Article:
There’s no doubt Arzani can provide in attack (he scored and set up both goals in the Hungary friendly), but the biggest question mark for Van Marwijk, as it was for his club coach, Warren Joyce, is whether Arzani has both the stamina and the attitude to ‘dig in’ defensively and keep the side balanced in defence.

Upfront, Van Marwijk can choose between four strikers, but only one has started 3 of his 4 friendlies in charge. Like Arzani, Nabbout has been an A-League breakout success, starring for Newcastle Jets in the first half of the season. He since moved to Japan’s Urawa Red Diamonds, an astonishing turnaround for a player who reportedly paid out of pocket to trial at A-League clubs less than 3 years ago.

Van Marwijk likes Nabbout because he provides energy, muscle, and counter-attacking ability up front. A powerful forward perhaps more suited to the wing, Nabbout will help turn defence into attack more reliably than the other options available.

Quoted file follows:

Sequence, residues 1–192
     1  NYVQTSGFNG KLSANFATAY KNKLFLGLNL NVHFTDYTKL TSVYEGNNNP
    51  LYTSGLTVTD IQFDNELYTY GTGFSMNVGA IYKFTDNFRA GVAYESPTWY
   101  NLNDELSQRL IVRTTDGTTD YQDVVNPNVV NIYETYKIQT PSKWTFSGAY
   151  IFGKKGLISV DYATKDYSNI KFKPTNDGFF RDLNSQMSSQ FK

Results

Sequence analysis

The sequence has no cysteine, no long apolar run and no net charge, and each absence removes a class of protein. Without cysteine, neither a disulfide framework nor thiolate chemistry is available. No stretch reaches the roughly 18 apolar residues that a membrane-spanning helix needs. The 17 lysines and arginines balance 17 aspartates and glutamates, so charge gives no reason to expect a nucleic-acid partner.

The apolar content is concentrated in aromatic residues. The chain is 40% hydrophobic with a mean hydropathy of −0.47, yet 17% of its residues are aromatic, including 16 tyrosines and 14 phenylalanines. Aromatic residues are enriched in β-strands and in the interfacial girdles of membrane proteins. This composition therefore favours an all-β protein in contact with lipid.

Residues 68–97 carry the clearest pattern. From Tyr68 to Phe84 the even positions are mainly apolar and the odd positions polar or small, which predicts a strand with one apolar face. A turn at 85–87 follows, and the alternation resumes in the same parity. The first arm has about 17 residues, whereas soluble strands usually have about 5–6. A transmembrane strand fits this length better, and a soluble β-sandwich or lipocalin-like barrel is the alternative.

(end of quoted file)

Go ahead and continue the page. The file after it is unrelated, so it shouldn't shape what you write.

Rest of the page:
Of those, Tim Cahill is the big name. If he is to join the ranks of Pele, Jurgen Klinsmann and Ronaldo in scoring at four World Cups, he will do it from the bench, after a somewhat dismal domestic campaign where he moved from Melbourne City to Millwall and barely managed 90 minutes of football in total across the whole season. Cahill, inevitably, will be an aerial goal threat and will be very useful to throw on to attack set pieces and cause a nuisance if Australia is chasing games late.

If not for injury problems, Tomi Juric would probably be the starting striker. Although he is not a consistent goalscorer, he holds the ball up well, understands his role defensively and helps link the game well.

The final option is Jamie Maclaren, a wildcard no.9 with pace and poaching ability but who will probably his playing time limited in Russia.


In reality, Bert van Marwijk’s game plan will be centered around suffocating opponents, somewhat negative football and attacking on the break. The key ingredients will be Mooy’s ability to play penetrating forward passes, the pace and directness of Leckie and Nabboutt, and hopefully, a spark from Rogic. There is nothing complicated about the strategy, but there have been signs of clever combination play and some transitions that have swept from one side of the pitch to the other.